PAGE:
Saturday 22 September 2018

Wembley way to Scotland


AS someone who has just turned 33 in recent days, Wes Hoolahan has heard all the jokes about what happens when you reach that milestone.

"I'm over the hill now, 34 at my next birthday," he laughs.

But the Norwich City and Ireland man, who spent far too long in the cold-storage section of international football and should have way more than a measly 18 caps on his CV, has so much to play for over the next 20 days.

By this evening he could be a Premier League player again, as his Norwich side face up to Middlesbrough in the Championship play-off final (3pm). By dinner time on Saturday June 13th, Ireland will either be firmly back in the hunt for Euro 2016 qualification, or else out of the race, depending on the outcome of that key clash with Scotland in Dublin.

The pressure's on, but Hoolahan is not fazed by that - stepping up to (successfully) take a penalty in the second leg of that playoff semi-final against Ipswich when the tie was nervously tied at 1-1 on aggregate was about the most intense pressure he's faced until now.

And for Hoolahan, it's all leading up to that key clash with Scotland, his first home in professional football in the UK from his spell with Livingston a decade ago.

"This is a big month for me now, three big games ahead with the playoff at Wembley, England at home and then the qualifier with Scotland," Hoolahan told The Herald as Norwich fine-tuned their preparations for today's trip to Wembley.

"It's a massive few weeks for me, to get back into the Premier League is the priority now but Scotland is on my mind as well as I know how important that us.

"If we can get a positive result against England, it'd be a massive boost heading into the Scotland game.

"I'd like to play against England, keep up the momentum, but I will see how the legs are next week, once the playoff is out of the way.

"I've never played against England at any level so I am looking forward to it.

"We certainly don't want to go into the Scotland game with confidence low after a loss to England, a good display and a win against the English would be great for us going into the Scotland match," added Hoolahan.

"I know from past experience that if we can win this playoff, it would be a huge confidence boost for me heading into the internationals, winning a playoff final at Wembley is the kind of thing that puts a real spring in your step.

"But I know the other side from chatting to other lads in the squad and how it can get to you, this time last year the Derby lads, Jeff [Hendrick] and Richard [Keogh], lost the playoff final at Wembley and came in for international duty, they were down about it initially but they got over it and that's what you do, just focus on the next game."

Martin O'Neill has a tendency to use Hoolahan for home games more so that away matches and his club boss Alex Neil adopted a similar approach for the playoff semi-final against Ipswich, where he was on the bench for the away leg but started and played a key role in the key home leg. "The manager said the first leg was going to be frantic and hectic and he would get me on for the second half, which is how it panned out. We got the away draw, I started in the home game and we won it, won it well, I was able to get on the ball more," he says.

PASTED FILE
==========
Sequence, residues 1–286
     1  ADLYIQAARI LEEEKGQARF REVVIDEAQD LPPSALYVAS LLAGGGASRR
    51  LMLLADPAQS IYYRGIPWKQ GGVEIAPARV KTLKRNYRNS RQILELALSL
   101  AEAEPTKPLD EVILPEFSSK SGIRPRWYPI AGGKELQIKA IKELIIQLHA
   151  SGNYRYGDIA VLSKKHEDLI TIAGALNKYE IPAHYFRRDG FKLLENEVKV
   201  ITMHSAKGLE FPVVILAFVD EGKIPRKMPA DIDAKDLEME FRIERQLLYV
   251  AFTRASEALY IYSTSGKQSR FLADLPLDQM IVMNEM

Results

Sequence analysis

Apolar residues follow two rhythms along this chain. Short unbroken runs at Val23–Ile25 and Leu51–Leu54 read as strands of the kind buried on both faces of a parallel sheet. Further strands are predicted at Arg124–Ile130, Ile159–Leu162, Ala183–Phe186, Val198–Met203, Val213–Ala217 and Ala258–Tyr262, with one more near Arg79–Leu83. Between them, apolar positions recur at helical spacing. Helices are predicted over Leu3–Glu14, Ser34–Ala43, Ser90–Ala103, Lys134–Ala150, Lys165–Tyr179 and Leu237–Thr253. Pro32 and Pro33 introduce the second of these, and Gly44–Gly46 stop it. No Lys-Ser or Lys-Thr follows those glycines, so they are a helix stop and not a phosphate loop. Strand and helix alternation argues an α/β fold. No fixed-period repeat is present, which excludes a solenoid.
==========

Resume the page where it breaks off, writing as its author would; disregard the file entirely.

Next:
But Scotland at home will also be a battle, club ties strong as the Sccots have Hoolahan's Norwich team-mates Russell Martin and Steven Whittaker in their panel.

"We've had a bit of banter about the game already. They know it's going to be a tough game, it's important for them but it's massive for us," Hoolahan admits. "We have to beat Scotland, they got one over on us by beating us at their place so we all know that to have any chance of qualifying, we need to beat Scotland in Dublin. The scoreline isn't that important to me, once we get the three points."

Before all that, there's the matter of Wembley and the playoff, old ground for Hoolahan, who helped Blackpool beat Yeovil at the London venue in the League One playoff final in 2007.

"It's a huge game, so many people around the world will be watching this game today. But the minute you walk out on that pitch you just forget about all that and just play the game, play your normal game and not allow the occasion get to you," he says.

"You do hear the figures, that the game is worth £130million to the club, a lot of money, it's one of the biggest games around in terms of what it means.

"It's all about the Premier Legaue and I want to be back there. Old Trafford, Anfield, White Hart Lane, they are the great stadiums, the ones you want to play in. They are the memories you want to have when you're finished playing so to get back there would be great."

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